When Bruce Nelson, an actor, filmmaker and historian of the Washington-Escobedo Heritage Neighborhood in downtown Mesa, first heard about ASU’s film school named after Academy Award-winning Black actor Sidney Poitier coming to Mesa, he asked why.
Nelson heard the school was incoming via a new building complex, the ASU at Mesa City Center, but struggled to see the precise connection between Mesa and Poitier.
Given the Washington-Escobedo Heritage Neighborhood's complex and storied history of prominent community members and racial segregation, Nelson said he is hoping for something through the school to honor the community right next door.
“I’ve talked to a few filmmakers that I know and artists that I know, and they kind of had the same reaction, like, ‘Okay, that's great to do that. You know, what kind of programming? Don't just give it the name,’” said Nelson, who directed a documentary about the Washington-Escobedo Heritage Neighborhood titled "North Town."
The development of ASU at Mesa City Center, set to open for classes in Fall 2022, has raised multiple concerns among residents and politicians, from payment to gentrification and honoring nearby communities.
The campus will enroll students in a Bachelor's of Fine Arts in film and media production, as well as three graduate programs centered around extended reality and alternate reality technologies.
Plans for the nearly 118,000 square foot building had been circulating since a proposal for the development was voted on and struck down as part of a sales tax package in 2016, but the Mesa City Council voted to approve a new but similar proposal in 2018. The facility is located just off of East Main Street on North Centennial Way, just south of the Heritage Neighborhood.
ASU will also operate the first floor of the Innovation Studios space, formerly the Mesa City Library, as part of the expansion into downtown Mesa. The space, separate from the 3-story academic complex, is designed to help businesses and local entrepreneurs. It will be managed through a partnership with the J. Orin Edson Entrepreneurship and Innovation Institute.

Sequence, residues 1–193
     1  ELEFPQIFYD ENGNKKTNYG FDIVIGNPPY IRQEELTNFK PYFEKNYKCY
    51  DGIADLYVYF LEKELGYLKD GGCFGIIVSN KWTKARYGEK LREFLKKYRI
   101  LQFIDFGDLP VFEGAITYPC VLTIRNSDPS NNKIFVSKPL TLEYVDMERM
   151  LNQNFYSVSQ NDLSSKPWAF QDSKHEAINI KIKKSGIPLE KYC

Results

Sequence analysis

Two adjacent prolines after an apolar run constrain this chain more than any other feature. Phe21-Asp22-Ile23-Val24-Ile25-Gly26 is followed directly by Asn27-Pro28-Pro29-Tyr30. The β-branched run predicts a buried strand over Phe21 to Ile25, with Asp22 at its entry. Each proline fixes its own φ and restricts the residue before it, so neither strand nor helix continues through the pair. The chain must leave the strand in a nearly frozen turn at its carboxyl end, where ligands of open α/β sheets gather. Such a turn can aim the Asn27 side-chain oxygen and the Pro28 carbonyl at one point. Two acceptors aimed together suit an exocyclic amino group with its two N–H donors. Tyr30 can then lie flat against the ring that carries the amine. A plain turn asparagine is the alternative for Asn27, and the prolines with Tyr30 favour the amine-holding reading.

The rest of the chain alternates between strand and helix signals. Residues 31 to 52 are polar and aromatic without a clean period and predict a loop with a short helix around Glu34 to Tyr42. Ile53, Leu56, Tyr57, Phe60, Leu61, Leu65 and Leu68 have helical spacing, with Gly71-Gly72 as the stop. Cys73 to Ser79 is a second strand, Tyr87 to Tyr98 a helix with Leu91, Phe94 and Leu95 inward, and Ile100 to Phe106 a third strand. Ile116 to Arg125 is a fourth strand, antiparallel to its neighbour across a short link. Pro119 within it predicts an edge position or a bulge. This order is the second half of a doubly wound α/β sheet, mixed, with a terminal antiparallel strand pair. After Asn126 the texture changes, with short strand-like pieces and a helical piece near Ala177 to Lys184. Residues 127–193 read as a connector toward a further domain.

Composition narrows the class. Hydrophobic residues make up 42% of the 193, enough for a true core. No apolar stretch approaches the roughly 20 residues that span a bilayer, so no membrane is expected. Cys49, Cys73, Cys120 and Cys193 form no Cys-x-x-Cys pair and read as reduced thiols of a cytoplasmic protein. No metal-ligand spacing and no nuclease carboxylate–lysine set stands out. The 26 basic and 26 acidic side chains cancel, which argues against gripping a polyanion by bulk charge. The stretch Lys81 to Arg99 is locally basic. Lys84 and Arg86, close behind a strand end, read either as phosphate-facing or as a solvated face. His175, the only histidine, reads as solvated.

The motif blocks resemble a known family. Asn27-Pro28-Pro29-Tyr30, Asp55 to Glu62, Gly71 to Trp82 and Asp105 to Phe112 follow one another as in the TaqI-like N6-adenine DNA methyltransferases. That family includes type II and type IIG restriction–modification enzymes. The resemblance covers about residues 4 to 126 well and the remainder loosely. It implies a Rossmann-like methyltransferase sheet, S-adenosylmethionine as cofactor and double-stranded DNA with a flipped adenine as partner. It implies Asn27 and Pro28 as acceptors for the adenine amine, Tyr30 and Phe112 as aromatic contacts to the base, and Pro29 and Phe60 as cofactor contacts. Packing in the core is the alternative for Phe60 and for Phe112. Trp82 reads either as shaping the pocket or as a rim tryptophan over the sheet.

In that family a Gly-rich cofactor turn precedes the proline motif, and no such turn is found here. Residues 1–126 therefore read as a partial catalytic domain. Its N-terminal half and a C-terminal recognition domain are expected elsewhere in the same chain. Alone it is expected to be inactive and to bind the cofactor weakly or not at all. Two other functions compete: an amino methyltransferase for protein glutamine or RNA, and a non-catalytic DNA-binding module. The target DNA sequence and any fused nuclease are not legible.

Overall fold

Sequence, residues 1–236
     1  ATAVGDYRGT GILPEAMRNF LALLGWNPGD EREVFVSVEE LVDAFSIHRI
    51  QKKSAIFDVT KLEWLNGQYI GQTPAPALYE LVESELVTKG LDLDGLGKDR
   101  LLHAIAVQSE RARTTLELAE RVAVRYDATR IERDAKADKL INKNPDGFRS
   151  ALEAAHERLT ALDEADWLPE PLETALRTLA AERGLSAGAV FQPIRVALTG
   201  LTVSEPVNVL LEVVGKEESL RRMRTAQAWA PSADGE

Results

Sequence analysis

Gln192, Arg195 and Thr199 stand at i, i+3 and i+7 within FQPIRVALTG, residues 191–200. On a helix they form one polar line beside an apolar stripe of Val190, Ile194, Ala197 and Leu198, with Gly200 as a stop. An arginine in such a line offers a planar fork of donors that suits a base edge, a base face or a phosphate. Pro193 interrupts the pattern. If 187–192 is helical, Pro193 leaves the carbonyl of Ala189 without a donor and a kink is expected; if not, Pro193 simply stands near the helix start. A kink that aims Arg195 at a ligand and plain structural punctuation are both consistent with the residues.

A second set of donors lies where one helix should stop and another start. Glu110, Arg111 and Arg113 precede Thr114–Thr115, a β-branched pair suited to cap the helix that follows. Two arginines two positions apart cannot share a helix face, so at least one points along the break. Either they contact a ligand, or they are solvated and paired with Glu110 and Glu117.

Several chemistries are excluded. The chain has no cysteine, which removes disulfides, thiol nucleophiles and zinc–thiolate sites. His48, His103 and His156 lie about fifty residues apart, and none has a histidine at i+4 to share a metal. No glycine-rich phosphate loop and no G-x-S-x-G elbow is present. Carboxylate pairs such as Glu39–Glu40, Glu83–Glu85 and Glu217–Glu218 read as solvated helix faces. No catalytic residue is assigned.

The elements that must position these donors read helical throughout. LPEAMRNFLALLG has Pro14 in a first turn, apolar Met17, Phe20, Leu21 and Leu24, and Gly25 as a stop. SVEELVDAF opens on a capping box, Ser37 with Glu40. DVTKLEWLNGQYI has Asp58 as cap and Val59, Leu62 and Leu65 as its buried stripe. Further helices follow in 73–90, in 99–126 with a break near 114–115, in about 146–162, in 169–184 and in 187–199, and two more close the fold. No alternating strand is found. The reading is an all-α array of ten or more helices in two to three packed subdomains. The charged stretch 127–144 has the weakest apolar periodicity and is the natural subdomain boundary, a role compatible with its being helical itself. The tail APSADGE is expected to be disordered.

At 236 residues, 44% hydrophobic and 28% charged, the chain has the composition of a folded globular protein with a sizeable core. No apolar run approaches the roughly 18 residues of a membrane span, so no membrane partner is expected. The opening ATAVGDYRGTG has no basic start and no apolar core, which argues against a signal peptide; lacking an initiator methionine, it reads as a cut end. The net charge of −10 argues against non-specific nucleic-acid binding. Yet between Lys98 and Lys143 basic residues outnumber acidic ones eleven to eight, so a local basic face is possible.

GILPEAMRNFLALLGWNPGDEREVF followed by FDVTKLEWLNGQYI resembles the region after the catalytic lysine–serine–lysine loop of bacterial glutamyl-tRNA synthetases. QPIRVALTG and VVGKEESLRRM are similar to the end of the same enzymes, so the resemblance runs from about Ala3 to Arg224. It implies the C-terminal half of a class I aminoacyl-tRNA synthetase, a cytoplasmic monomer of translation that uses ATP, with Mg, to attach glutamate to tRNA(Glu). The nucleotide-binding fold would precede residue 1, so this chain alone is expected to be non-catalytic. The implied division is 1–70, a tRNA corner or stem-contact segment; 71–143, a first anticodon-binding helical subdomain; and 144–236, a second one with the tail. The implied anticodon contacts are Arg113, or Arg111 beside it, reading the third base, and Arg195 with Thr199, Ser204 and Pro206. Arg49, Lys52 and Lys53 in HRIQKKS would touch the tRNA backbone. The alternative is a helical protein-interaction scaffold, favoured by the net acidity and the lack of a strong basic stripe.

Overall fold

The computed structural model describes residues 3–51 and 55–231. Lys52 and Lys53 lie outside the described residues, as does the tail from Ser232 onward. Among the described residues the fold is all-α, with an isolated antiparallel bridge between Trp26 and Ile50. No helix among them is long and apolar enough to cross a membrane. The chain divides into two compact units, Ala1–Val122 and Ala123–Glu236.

Nelson isn't opposed to the new campus's opening, but he does worry the rich history of Mesa, especially in film, could be left behind.
The University has conducted some community outreach in Mesa regarding the project, according to ASU spokesperson Nikai Salcido.
“Not everyone takes advantage of that in a planning stage, so as the building has been under construction, our community engagement team has continued to meet with community leaders and community members with strong ties to the surrounding areas, including the Washington-Escobedo neighborhood," Salcido said in a written statement.
Jake Pinholster, founding director of ASU at Mesa City Center and associate dean for enterprise design and operations in the Herberger Institute for Design and the Arts, said the community engagement team conducted around 100 interviews with community members living near the new facility. The results from the interviews were condensed into a 72-page report and used to develop an advisory council that is still meeting, Pinholster said.
Johanna Richards, the program manager for ASU at Mesa City Center, said many people reacted positively about ASU coming to Mesa, but affordability was a common theme in the interviews and report.
"I was really surprised to hear people were saying like, 'We want to make sure that we're not displaced,'" Richards said of ASU's outreach. "There's no specific project related to that (through ASU). But that is heavy on our mind."
Despite the outreach, some residents and an expert worry about how the new ASU campus will shift life in the Mesa community.
A concern of gentrification
The Washington-Escobedo Heritage Neighborhood, which began developing in the early 1900s, was the first community in Mesa that welcomed Black homebuyers. The neighborhood was segregated for years and was home to Dr. Lucius Charles Alston, the first African American doctor to practice in Mesa, and Veora Johnson, the first African American school principal in Arizona.
Oscar Mancinas, a graduate student in transborder studies who was raised in the Washington-Escobedo area, said he hasn’t seen much community engagement from the University. He said he was aware of some outreach efforts to communities in Mesa, but most of them were surveys over email after the development was finalized.
“What a grand irony it would be if a school named for such a significant Black artist and civil rights figure, inadvertently or directly led to basically a tougher living situation for one of Mesa’s most historic Black communities,” Mancinas said.
Part of the community's apprehension about ASU's new development stems from the fraught history between the city and its residents.